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The Battle of Sadras

The French admiral watched the horizon from the deck of his ship, the Héros. Nine. Nine British ships between him and glory. A large wave broke at the hull and spattered his face with spray. He wiped his face with a silk napkin. He sent word to the captains of his fleet to meet him in his war-cabin.

It was 1782. The French supported the Americans in their struggle for Independence, much to the chagrin of the British. The Dutch also allied with the French inspite of British threats. The echoes of the dispute found their way to India where the British forces were capturing French and Dutch outposts along the Coromandel coast. The French dispatched Admiral Balli de Suffren, with his fleet to keep the British forces at bay.

French Admiral – Bailli de Suffren

The Admiral’s fleet had eleven ships of the line, seven transport ships filled with troops, and a corvette to escort the transports They set sail from Brest and had planned to siege the British stronghold at Madras. The Admiral had found the British fleet, under the command of Sir Edward Hughes anchored at Madras and had turned south. He wanted to land his troops at the Dutch colony at Sadras and attack the British troops from the land. The British raised their anchors and set sail after Suffren. Both the navies faced each other at Sadras.

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Suffren put his napkin away and peered at the map. The cannons in the sea fort at Sadras would prevent the British from landing. It seemed like the battle would be easy. The French had the wind on their side and had the numerical advantage. But he knew that the British Navy was force not to be taken lightly. They were the masters at sea-battles.

Suffren realized that he was hampered by the need to protect the transport ships containing the troops. He had to safely get them away from the conflict. He detached his corvette to protect the transport ships and decided to draw Hughes away from them. Suffren thought the British would chase his fleet while leaving the transport ships to land the troops safely. The troops would then wreck havoc from land.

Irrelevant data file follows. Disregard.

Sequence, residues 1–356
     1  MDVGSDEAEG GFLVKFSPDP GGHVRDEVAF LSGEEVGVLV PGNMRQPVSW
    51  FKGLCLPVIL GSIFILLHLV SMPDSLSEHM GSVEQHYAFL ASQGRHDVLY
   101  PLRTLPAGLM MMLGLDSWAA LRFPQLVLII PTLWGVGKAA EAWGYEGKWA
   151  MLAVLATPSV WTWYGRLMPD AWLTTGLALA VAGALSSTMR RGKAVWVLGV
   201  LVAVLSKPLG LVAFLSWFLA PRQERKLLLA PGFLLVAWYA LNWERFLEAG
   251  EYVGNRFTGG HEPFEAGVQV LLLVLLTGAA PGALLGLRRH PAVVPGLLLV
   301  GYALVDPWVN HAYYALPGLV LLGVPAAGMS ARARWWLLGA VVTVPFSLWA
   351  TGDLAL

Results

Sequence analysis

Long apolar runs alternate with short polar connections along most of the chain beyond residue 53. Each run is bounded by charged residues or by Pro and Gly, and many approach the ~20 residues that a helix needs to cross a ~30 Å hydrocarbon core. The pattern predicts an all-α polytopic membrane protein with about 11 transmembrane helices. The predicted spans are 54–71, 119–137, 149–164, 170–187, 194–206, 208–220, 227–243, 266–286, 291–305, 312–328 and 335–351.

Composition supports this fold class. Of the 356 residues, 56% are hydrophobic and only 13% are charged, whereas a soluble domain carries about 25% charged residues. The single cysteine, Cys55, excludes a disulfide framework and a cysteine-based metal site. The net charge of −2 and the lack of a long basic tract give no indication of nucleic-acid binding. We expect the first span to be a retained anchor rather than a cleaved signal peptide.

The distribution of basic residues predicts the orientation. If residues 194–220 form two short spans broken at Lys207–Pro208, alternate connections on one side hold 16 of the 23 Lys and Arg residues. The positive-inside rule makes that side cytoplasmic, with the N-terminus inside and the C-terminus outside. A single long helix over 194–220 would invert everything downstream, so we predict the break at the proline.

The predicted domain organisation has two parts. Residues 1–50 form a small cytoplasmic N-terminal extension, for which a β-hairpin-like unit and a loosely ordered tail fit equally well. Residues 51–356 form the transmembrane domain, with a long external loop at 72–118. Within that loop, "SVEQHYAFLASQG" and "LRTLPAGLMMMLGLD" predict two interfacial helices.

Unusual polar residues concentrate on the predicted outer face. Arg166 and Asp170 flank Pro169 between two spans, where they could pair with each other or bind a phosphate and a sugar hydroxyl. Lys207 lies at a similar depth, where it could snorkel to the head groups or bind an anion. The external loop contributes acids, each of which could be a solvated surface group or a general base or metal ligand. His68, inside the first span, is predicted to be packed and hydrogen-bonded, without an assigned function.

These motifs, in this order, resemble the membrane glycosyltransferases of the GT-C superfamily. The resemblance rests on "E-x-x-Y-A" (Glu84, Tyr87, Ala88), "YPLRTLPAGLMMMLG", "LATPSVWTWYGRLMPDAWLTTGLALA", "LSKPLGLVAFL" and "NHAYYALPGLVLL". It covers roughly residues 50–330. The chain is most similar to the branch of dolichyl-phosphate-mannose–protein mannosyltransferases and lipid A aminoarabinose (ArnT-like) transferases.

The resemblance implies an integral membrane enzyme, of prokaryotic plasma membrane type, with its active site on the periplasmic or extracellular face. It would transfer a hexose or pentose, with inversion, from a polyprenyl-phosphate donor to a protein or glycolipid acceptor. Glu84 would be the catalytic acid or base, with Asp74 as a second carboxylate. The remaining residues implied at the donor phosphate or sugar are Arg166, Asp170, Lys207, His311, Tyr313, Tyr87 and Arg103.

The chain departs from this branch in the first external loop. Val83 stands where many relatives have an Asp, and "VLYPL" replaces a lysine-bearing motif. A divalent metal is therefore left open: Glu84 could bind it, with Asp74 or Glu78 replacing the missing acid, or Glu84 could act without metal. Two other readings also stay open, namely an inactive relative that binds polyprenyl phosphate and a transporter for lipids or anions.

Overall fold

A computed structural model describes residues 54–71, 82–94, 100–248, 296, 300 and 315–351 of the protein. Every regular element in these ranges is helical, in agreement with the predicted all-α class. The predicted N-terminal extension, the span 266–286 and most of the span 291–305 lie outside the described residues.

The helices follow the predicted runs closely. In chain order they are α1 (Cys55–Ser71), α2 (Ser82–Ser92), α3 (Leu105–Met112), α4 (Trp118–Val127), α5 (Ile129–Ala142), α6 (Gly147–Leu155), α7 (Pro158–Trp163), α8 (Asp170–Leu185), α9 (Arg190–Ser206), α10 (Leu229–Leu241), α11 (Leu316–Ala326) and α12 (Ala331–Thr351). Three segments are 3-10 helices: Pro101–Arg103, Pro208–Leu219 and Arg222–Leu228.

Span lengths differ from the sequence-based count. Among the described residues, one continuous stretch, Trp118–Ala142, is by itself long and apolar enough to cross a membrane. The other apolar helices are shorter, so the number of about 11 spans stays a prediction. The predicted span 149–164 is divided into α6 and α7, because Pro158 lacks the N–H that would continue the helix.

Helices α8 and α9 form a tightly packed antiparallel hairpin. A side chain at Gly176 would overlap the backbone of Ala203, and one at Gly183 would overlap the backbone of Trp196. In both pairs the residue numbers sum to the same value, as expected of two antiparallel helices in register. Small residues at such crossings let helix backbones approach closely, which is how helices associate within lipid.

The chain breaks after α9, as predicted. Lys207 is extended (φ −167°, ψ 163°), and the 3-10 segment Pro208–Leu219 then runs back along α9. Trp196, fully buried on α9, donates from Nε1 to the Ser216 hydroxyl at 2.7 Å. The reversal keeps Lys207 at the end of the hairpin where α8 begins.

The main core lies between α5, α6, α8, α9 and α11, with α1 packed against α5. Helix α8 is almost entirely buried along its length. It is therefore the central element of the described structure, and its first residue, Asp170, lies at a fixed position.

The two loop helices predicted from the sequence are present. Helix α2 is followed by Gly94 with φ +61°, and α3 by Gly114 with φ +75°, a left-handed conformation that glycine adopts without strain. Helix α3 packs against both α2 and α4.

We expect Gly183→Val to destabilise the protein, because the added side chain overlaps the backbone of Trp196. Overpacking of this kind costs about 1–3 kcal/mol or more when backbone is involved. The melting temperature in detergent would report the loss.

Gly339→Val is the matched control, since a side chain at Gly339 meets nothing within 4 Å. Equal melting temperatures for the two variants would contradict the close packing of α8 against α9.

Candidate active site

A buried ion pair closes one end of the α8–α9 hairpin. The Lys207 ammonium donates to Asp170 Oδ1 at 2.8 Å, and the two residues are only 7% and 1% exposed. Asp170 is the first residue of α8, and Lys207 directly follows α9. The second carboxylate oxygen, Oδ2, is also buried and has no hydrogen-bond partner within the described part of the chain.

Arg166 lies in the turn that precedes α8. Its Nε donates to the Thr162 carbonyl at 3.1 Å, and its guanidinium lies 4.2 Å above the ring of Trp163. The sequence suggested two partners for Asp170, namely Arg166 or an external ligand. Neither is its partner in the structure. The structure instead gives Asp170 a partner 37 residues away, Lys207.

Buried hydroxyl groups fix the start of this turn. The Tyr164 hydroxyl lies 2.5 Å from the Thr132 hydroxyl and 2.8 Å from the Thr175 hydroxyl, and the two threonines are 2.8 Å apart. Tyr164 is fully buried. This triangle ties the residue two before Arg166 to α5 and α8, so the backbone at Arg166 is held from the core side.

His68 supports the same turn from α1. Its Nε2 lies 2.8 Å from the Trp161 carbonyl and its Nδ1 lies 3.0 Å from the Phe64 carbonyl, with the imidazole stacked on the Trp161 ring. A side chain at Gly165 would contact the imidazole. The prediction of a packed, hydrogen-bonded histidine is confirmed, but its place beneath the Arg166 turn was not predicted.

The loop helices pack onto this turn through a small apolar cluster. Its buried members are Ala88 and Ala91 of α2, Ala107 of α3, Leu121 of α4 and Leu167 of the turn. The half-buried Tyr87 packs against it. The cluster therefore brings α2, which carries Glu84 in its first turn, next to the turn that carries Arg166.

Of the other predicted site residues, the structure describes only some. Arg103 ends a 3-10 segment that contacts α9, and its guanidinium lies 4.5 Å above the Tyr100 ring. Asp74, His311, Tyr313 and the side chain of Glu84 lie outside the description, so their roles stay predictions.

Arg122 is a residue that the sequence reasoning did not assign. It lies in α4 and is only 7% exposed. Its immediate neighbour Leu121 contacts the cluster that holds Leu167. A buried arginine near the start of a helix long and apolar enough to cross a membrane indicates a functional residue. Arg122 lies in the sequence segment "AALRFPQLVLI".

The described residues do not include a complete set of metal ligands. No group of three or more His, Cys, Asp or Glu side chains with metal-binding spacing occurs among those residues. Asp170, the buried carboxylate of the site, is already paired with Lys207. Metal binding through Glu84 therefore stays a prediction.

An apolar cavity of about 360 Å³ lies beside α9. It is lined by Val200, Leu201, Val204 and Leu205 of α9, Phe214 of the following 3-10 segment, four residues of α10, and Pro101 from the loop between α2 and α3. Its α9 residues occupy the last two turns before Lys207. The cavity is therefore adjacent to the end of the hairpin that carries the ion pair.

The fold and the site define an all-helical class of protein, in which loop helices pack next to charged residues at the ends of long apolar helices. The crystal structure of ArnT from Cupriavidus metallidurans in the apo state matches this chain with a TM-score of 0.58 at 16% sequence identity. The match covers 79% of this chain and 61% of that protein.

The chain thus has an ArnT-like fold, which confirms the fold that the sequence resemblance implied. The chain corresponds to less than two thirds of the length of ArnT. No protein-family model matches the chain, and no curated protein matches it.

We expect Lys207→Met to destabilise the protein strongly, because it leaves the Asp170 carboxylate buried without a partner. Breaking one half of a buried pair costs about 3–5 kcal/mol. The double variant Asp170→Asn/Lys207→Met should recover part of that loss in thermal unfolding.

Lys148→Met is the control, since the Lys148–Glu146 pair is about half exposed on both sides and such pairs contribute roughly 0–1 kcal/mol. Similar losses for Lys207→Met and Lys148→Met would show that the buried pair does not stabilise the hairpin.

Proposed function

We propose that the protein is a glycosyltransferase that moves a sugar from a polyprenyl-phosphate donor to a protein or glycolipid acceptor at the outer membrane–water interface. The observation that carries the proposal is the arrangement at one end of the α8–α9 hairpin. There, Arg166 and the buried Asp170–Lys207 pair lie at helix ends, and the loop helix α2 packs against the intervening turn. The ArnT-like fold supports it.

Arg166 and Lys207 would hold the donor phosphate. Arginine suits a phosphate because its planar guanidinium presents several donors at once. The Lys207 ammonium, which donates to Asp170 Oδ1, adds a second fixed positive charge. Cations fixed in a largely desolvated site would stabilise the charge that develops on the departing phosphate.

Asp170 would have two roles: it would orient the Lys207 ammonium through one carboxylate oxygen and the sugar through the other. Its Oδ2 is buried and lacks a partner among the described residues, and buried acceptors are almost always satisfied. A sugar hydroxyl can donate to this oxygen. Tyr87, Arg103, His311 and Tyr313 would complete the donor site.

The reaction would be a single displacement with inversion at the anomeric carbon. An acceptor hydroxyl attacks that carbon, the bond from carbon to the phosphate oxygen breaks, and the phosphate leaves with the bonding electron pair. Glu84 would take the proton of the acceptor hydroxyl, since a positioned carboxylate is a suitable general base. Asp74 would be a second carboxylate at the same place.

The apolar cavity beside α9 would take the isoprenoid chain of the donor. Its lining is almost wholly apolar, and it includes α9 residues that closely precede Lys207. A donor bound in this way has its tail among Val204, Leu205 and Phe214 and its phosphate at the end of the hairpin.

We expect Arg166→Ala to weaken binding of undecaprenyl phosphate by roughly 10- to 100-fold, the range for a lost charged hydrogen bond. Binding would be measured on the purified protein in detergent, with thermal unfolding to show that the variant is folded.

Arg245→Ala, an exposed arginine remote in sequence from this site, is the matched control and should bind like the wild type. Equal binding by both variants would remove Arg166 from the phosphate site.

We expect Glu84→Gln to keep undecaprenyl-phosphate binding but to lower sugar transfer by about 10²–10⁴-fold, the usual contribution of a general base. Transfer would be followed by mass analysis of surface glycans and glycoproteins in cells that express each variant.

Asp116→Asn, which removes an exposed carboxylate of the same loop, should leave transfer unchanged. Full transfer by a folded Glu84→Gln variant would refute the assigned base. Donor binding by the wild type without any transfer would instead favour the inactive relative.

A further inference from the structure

The plan was going perfectly. The British fleet had turned their attention towards Suffren and his ships while the transport ships were making way towards the coast.  The wind was against the British and they were unable to engage in a battle with the French. The sun was setting across the Indian coast. The sea shimmered in orange. He made sure that the watch-outs were in their post and went to sleep in his cabin with a smile on his face.

The French Admiral woke up next day to chaos. His crew was running amok on the deck. The British fleet was nowhere to be seen. Under the cover of the night, they had changed direction and were now pursuing the transport ships. Suffren yelled in frustration. He gave the order to set sail and give the chase.

By late afternoon, he caught up with the British ships. The battle lines were drawn and the canons were readied. Suffern lead the charge in his ship, Héros. The tide was high and waves made manoeuvrability difficult. Héros caught up with a British ship. It rained cannonballs and hell on it. The British ship was no match for the French speed and could not outmanoeuvre. The sailors jumped off the deck as the burning ship sank to his watery grave.

Satisfied with his attack, Suffren looked around to see how the rest of the battle was going. His eyes widened with horror. He wiped the salt out of his eyes to see if his eyes were deceiving him. They were not.

Only five of his ships had followed him in the battle. The other six had moved back and were watching the battle from the sidelines. He made his messenger to signal the other ships to join the battle. Two out of the six ships reluctantly joined the battle. The other four disobeyed the order and remained at the sidelines. The French Admiral threw his sword down in fury. If he got out alive out of this, he would make them pay. Dearly.